Secretary of State Hillary Rodham Clinton to attendees of this week’s annual AIPAC Policy Conference: We’ll keep complaining about building in Jerusalem.
Israeli Prime Minister Benjamin Netanyahu to the same group: And we’ll keep building.
Guess which speech got the bigger cheers.
To be sure, in speeches this week at the annual AIPAC conference in Washington, D.C., all sides repeatedly stressed complete confidence in the durability and necessity of a strong U.S.-Israel relationship, and highlighted areas of agreement — first and foremost the need for tough action to block Iran from acquiring nuclear weapons.
Several key differences were on display, however, as Clinton, Netanyahu and the leaders of the American Israel Public Affairs Committee did not back down from their bottom lines.
AIPAC officials insisted that disagreements between Jerusalem and Washington take place behind closed doors. But Clinton said the Obama administration would make its unhappiness clear and public when it regards an Israeli action as undermining the peace process.
For Netanyahu and AIPAC, Jerusalem is off the table; for Clinton it’s very much part of the discussion.
Clinton went out of her way to praise the Palestinian Authority; Netanyahu went of his way to criticize it. The two met privately in the afternoon following Clinton’s speech but prior to Netanyahu’s appearance that evening.
The two speeches on March 22 — Clinton for breakfast and Netanyahu for dinner — culminated two weeks of tensions sparked when Israel announced a major housing start in eastern Jerusalem during a visit to Israel by Vice President Joe Biden. That trip had been aimed at underscoring the close U.S.-Israel friendship and restarting Israeli-Palestinian peace talks, but it accomplished neither.
“It is our devotion to this outcome — two states for two peoples, secure and at peace — that led us to condemn the announcement of plans for new construction in east Jerusalem,” Clinton said. “This was not about wounded pride. Nor is it a judgment on the final status of Jerusalem, which is an issue to be settled at the negotiating table. This is about getting to the table, creating and protecting an atmosphere of trust around it, and staying there until the job is finally done.”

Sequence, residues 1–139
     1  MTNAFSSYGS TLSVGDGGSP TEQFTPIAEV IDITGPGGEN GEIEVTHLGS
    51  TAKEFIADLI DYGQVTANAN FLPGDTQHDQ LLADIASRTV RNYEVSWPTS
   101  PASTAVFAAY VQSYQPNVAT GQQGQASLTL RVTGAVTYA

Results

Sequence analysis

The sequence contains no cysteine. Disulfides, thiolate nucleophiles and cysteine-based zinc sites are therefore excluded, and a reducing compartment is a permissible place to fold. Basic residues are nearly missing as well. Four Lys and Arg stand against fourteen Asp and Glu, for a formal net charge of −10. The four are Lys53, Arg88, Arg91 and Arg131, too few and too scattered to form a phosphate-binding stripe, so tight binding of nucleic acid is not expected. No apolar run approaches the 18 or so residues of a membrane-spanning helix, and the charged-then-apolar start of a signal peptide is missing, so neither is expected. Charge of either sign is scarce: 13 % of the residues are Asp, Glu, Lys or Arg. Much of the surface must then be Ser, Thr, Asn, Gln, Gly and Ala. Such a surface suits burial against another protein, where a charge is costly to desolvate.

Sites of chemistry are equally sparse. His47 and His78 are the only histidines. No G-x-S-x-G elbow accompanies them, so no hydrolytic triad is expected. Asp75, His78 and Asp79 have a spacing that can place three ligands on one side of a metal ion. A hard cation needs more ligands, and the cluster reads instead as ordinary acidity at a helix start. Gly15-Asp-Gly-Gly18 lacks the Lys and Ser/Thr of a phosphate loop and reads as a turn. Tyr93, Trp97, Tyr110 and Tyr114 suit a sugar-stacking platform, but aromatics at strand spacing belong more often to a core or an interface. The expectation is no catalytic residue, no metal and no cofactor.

Clinton’s mild rebuke brought surprising, if light, applause. It was a mark of the success of repeated pleas from AIPAC’s leadership to more than 7,500 people in attendance to keep things civil. Clinton earned standing ovations coming in and out, and there was no audible booing.
Netanyahu’s Jerusalem encomium, by contrast, brought the house down among the 8,000 people packed into the Washington Convention Center.
“The Jewish people were building Jerusalem 3,000 years ago and the Jewish people are building Jerusalem today,” he said. “Jerusalem is not a settlement. It is our capital.”
AIPAC Executive Director Howard Kohr and President Lee Rosenberg were equally as determined to make Israel’s point, almost to the word.
“Jerusalem is not a settlement,” Kohr said in the line of the morning that brought the greatest cheering. “Jerusalem is the capital of Israel.”
Kohr also made the case for keeping such disputes out of public view.
“When disagreements inevitably arise, they must be resolved privately as is befitting close allies,” he said.
That’s been the mantra of AIPAC, along with the center and right in the pro-Israel community — and Clinton turned it around.
An announcement of new construction in the West Bank and eastern Jerusalem, she said, “exposes daylight between Israel and the United States that others in the region hope to exploit. And it undermines America’s unique ability to play a role — an essential role, I might add — in the peace process. Our credibility in this process depends in part on our willingness to praise both sides when they are courageous, and when we don’t agree to say so, and say so unequivocally.”
It was clear, though, that Clinton was sensitive to Israeli and pro-Israel complaints that the opprobrium she had heaped onto Israel — she called the building announcement an “insult” — was one-sided and that she had ignored Palestinian violations.
In fact, her spokesmen have condemned Palestinian incitement. And when she spoke to AIPAC, Clinton picked up the two signal issues that have exercised Israel’s advocates: the naming of a public square in Ramallah for a terrorist who led a deadly 1978 attack, and Palestinian rioting greeting the rededication of an Old City synagogue destroyed during the 1948 Independence War.